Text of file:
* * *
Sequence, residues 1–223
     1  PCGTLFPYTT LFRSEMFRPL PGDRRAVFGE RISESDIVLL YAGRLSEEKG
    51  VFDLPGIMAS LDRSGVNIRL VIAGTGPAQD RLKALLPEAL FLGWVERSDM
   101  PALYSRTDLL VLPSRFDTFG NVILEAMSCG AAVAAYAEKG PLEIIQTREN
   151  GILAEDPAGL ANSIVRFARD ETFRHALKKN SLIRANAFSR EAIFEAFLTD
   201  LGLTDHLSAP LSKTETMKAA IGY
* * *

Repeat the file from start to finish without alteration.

Sequence, residues 1–223
     1  PCGTLFPYTT LFRSEMFRPL PGDRRAVFGE RISESDIVLL YAGRLSEEKG
    51  VFDLPGIMAS LDRSGVNIRL VIAGTGPAQD RLKALLPEAL FLGWVERSDM
   101  PALYSRTDLL VLPSRFDTFG NVILEAMSCG AAVAAYAEKG PLEIIQTREN
   151  GILAEDPAGL ANSIVRFARD ETFRHALKKN SLIRANAFSR EAIFEAFLTD
   201  LGLTDHLSAP LSKTETMKAA IGY